The 2nd of January can be a miserable experience. With storm Elanor approaching the UK, this year it was cold and rainy and, to compound the misery for many commuters, featured a pre-announced, but non the less unpleasant rise in rail ticket prices – at an inflation-busting 3.4% average.
Commuters were predictably annoyed, and the news networks filled a news-poor day with live interviews with disgruntled passengers from train stations around the country. Twitter (under the #RailFail hashtag) and the left-wing press was full of the usual indignant howls of profit being put before passengers. Labour has naturally been quick to jump on the bandwagon, touting their grand plan for rail nationalization and promising to cap fares and to ‘put passengers at the heart’ of a public rail service. This is a popular policy. According to some polls, three quarters of voters support nationalization, and fare hikes are likely to increase the unpopularity of the private franchises. British rail passengers pay the highest fares in Europe, and the left has successfully tied that to the fact that most European passenger rail services are publicly owned and state operated. But the predictable debate, pitting profiteering corporations against a benevolent public option, is disingenuous and misleading. Here are a few reasons why.
First of all, most fares are regulated and increases are tied by legislation to the RPI. This year, many unregulated fares in fact rose by less than regulated ones.
Second, funding and delivery of a service are separate issues. The reason why British rail fares are the highest in Europe is mainly that British subsidies are the lowest by some distance. UK passengers simply bear a higher part of the cost of their own journey than in mainland Europe.
Third, the legacy from the nationalized British Rail is a creaking rail infrastructure, still suffering from decades of under-investment.
Fourth, the rail companies are not making excessive profits, as it is routinely portraited. 97% of ticket prices are spent on the operation and maintenance of the system and 3% goes to profits. And that is not even the full picture. A revenue share is in place between the franchises and government, who shares in the downside as well as the upside.
According to Fullfact.org, accounting for all costs and revenue shares, the average return on equity amongst rail franchises is a modest 3.4%. Indignatn calls of profiteering are, as usual ,misplaced.
Fifth, Network Rail, who owns and operates the rail infrastructure, is a public company and shoulders a large part of the responsibility for fares increases. It is also directly responsible for the many delays owed to engineering works on the network, a constant source of frustration for passengers and ammunition for the proponents of nationalization .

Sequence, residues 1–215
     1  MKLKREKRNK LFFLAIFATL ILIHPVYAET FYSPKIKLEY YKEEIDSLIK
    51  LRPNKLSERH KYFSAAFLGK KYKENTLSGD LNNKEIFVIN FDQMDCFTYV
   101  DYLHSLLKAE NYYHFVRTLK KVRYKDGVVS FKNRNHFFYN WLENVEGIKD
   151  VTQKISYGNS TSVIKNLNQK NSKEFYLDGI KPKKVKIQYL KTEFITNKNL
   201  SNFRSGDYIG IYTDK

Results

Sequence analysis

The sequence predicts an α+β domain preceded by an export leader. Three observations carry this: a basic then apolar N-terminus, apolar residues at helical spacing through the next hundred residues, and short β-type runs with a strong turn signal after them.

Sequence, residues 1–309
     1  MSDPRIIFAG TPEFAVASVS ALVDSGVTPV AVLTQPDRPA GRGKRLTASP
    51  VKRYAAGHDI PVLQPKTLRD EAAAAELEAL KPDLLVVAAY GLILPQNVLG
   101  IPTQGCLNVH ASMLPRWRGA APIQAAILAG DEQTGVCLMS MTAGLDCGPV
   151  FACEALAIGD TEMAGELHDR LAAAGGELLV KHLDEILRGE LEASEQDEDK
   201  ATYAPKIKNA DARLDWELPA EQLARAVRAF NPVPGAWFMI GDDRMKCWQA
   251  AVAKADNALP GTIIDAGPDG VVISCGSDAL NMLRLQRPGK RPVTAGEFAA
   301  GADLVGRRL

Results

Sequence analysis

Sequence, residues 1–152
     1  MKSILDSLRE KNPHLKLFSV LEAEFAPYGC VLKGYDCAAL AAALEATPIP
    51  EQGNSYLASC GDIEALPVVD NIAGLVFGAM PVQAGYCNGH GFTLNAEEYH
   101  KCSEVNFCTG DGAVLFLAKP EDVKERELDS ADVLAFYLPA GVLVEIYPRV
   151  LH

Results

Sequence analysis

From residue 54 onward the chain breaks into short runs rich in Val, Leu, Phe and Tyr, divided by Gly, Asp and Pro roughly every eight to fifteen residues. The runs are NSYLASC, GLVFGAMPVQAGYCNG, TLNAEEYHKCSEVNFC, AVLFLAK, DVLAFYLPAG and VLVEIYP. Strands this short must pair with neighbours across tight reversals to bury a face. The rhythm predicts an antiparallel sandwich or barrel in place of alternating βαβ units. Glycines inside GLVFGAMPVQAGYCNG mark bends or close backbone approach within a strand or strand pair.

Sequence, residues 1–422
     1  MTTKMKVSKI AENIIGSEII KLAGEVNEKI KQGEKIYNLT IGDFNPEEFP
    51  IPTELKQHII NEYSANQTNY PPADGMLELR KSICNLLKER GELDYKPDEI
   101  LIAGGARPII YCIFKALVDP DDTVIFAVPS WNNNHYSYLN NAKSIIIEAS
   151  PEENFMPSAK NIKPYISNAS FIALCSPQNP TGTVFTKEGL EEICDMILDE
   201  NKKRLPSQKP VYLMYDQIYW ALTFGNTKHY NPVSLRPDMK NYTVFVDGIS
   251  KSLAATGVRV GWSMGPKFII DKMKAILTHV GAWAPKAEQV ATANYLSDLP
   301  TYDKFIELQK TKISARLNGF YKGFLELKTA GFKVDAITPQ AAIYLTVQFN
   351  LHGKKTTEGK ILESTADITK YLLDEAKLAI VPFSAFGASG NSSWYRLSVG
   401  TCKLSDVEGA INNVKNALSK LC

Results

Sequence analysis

Sixth, powerful unions have secured railway staff inflation busting pay rises. On the much maligned franchise run by Southern Rail, Aslef (a union) just secured drivers a pay rise worth 28.5% over 5 years. Southern drivers already make in excess of £50k/ year. This is a fight Labour, who’s funding is dominated by donations from the unions, is unlikely to take up as part of their pitch to run the railways.
Privatization was never a true description of the reforms that took place in the mid ‘90s. The Tories were far from committed to true privatization, with many opposing viewpoints resulting in a convoluted, bureaucratic state controlled system with no true competition but rather a number of state granted monopolistic franchises. Never the less, what is known as rail privatization has been a success: journey times are down, the quality and cleanliness of coaches is up, as is train frequency – and passenger numbers are booming. In addition, the British rail passenger network enjoys the best safety record in Europe.
It is a sad testament to emotive headline politics that rail nationalisation enjoys such large-scale support in Britain. Whatever competition and incentivization to customer service has been introduced via privatization has served the public well, but inevitably whoever runs the system will be get the blame when ticket prices goes up. True competition on the railways might see prices fall, but under the current system only bigger state subsidies can lower prices. But whether tax payers or passengers pays for the ticket, the truth is that British public has been well served by privatization.